Greta’s Story: The Schoolgirl Who Went On Strike To Save The Planet Greta’s Story: The Schoolgirl Who Went On Strike To Save The Planet
Valentina Camerini (Translated by Moreno Giovannoni)
“Adults keep saying that they must give young people hope. I don’t want hope, I want you to panic, to take action. I want you to behave as if you were in the middle of a crisis, because that’s what it is.”
These words sound like they come from students thronging the streets of India with marches protesting the draconian Citizenship Amendment Act but they were spoken by Greta Thunberg, a 16-year-old climate activist, at the World Economic Forum in January 2019. She was castigating individuals, companies and decision makers for sacrificing “priceless values” to “continue making unimaginable amounts of money.”
Greta’s Story: The Schoolgirl Who Went On Strike To Save The Planet is a book that I would recommend to anyone keen on learning about the power of civil resistance led by young people who rarely get a say in framing policies that determine their future. They are filled with rage because of the problems their predecessors have created, and they want to fix things before it is too late. They are unafraid to take on the bigwigs, and call them out for their incompetence.
With her work on the Skolstrejk for Klimatet (School Strike for the Climate), Ms Thunberg’s message has travelled beyond Sweden, the country in which she was born and raised. She has managed to rattle successfully US President Donald Trump, German Chancellor Angela Merkel, French President Emmanuel Macron, Russian President Vladimir Putin, Italian Prime Minister Giuseppe Conte, and Australian Prime Minister Scott Morrison.
How did Ms Thunberg become an activist? Why does she care so much about climate change? Who inspired her to make noise instead of keeping quiet about what troubles her? Are her parents supportive? Do her teachers encourage her to pursue what she believes in? Where does she get the strength to deal with all the criticism directed at her? When does she make time for studies? Is she missing out on a “normal” childhood?
Valentina Camerini’s book explores these questions with depth, sensitivity and affection. Ms Thunberg is not presented as a hero with superpowers but as a human being who responds to obstacles with fortitude, and requests support when she needs it. This approach makes the book persuasive. “Before starting her mission in front of the Swedish Parliament, she was a wary, quiet, shy girl. The kind of student who doesn’t speak in class and sits to one side, somewhere up the back. Nothing particularly exciting had happened in her life, or at least nothing that would make you think that one day she would convince hundreds of thousands of children to follow her example,” says Ms Camerini.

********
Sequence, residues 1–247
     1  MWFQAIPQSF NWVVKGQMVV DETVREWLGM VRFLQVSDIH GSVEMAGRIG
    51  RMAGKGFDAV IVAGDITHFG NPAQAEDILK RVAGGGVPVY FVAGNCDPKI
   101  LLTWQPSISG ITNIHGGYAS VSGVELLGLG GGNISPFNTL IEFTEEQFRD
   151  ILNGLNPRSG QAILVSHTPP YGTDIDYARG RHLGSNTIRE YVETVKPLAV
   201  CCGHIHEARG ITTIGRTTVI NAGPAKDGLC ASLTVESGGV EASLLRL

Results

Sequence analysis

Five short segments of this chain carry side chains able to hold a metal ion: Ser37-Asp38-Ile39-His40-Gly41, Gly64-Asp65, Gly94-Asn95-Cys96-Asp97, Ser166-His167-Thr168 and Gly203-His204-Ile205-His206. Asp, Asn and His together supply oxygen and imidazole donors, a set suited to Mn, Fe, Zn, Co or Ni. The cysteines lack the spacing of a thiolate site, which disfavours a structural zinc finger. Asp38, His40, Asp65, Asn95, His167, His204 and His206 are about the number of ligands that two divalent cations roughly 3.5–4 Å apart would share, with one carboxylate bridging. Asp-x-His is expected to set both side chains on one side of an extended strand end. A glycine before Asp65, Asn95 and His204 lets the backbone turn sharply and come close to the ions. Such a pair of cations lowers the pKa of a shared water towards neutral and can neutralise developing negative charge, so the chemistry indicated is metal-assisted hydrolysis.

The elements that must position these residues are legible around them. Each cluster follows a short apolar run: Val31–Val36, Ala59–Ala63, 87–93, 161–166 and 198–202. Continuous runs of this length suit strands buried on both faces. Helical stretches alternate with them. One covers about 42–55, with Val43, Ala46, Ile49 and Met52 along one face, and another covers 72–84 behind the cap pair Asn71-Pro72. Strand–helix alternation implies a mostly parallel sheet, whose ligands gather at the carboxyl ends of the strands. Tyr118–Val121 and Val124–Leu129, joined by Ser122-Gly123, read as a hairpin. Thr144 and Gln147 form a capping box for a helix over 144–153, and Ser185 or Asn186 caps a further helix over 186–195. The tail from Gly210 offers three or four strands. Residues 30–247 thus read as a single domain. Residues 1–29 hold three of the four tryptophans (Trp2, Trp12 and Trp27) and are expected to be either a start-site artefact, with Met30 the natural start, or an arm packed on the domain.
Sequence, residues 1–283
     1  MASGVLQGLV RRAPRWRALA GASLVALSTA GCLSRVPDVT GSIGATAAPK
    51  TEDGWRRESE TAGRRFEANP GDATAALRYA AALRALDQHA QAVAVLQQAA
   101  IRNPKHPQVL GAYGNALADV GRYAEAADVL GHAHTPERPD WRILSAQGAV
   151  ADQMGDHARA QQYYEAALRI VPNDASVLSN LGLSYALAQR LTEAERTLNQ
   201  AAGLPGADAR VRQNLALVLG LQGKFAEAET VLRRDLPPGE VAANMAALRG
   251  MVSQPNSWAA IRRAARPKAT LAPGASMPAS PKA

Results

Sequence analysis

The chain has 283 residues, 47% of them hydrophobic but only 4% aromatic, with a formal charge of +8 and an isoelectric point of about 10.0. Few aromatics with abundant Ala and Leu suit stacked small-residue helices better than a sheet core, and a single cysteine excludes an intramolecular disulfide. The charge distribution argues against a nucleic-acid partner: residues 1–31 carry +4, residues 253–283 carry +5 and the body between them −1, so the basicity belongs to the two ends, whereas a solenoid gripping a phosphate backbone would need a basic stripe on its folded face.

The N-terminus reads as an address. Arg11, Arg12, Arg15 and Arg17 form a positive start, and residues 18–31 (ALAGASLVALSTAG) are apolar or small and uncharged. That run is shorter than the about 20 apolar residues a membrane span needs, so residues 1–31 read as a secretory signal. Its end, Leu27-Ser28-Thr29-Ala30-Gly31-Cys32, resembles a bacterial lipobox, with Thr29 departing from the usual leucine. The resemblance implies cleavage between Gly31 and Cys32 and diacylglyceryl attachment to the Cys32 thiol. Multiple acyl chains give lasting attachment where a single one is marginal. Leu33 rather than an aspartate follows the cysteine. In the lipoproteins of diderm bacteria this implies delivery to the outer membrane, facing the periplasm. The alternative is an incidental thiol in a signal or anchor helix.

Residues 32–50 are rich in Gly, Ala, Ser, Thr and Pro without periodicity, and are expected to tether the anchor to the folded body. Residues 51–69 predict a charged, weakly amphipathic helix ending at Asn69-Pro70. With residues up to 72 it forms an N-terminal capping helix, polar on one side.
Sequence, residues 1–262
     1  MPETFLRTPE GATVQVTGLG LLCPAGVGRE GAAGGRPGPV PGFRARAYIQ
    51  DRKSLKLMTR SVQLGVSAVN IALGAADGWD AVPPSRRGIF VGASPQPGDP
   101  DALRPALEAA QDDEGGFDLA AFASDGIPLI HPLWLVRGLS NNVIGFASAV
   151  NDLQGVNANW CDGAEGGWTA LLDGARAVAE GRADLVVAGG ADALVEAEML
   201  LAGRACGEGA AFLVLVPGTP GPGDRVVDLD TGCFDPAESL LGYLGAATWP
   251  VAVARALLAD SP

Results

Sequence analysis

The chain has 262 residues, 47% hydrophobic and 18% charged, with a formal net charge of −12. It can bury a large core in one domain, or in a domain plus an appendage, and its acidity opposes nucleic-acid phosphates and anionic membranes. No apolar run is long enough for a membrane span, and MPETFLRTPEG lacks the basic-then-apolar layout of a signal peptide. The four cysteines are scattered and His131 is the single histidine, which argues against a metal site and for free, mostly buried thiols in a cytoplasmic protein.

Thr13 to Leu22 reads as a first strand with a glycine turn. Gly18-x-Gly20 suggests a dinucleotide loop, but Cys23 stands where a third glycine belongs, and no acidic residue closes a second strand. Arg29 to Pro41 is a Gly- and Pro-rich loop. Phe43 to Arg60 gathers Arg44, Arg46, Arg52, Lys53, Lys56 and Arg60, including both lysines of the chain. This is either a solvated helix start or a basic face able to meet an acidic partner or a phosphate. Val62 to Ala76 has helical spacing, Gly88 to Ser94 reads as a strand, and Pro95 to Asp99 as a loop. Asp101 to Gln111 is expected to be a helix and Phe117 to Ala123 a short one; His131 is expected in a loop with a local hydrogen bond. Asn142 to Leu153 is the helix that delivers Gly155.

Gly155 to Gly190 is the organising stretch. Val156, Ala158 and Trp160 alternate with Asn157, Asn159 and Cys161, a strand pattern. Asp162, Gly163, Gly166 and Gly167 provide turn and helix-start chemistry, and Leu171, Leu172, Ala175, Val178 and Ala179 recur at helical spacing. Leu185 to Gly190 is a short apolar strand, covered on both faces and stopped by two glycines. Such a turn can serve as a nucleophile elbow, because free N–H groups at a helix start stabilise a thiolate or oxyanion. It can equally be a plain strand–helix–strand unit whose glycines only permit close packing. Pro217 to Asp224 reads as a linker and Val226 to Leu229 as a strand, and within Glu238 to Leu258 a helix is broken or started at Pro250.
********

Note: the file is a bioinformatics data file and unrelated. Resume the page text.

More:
I enjoyed this book because it challenges attempts to characterise Ms Thunberg as a precocious white girl who is unaware of the issues at stake, and has an anger management problem. Such depictions try to erase the fact that she has inspired millions of young people around the world to skip school on Fridays, and make their governments prioritise climate action. The vitriol against her is a mix of patriarchy, ageism, and ableism. It is not uncommon to encounter men who feel insecure when they see young women who speak their mind and refuse to be sexualised.
If this book is anything to go by, Ms Thunberg is unlikely to step away from the fight. She draws inspiration from Rosa Parks, and American students demonstrating against laws that enable gun violence on school campuses. Ms Camerini writes, “At the age of 11, the doctors had diagnosed her with Asperger’s syndrome. People who suffer from Asperger’s often become interested in a particular issue and think about it obsessively without being able to let go...makes people determined and capable of extraordinary commitment. For years, Ms Thunberg did in-depth research into climate change, building up a wealth of information, which was unusual for a girl her age.”
Ms Thunberg has also been critical of lifestyle choices made by her mother Malena Ernman and her father Svante Thunberg. The former is an opera singer, and the latter is an actor and writer. She made them realise the environmental impact of air travel, meat consumption, and driving big cars. She firmly believes that individuals must take concrete actions though the climate crisis is a systemic one. The book concludes with a helpful section on discussing global warming with children, pointers about what we can do, and suggestions for further reading. As Ms Thunberg says, “Our house is on fire: our house, planet earth, is going up in flames. And the adults, the powerful, must act responsibly and act for the future of young people.”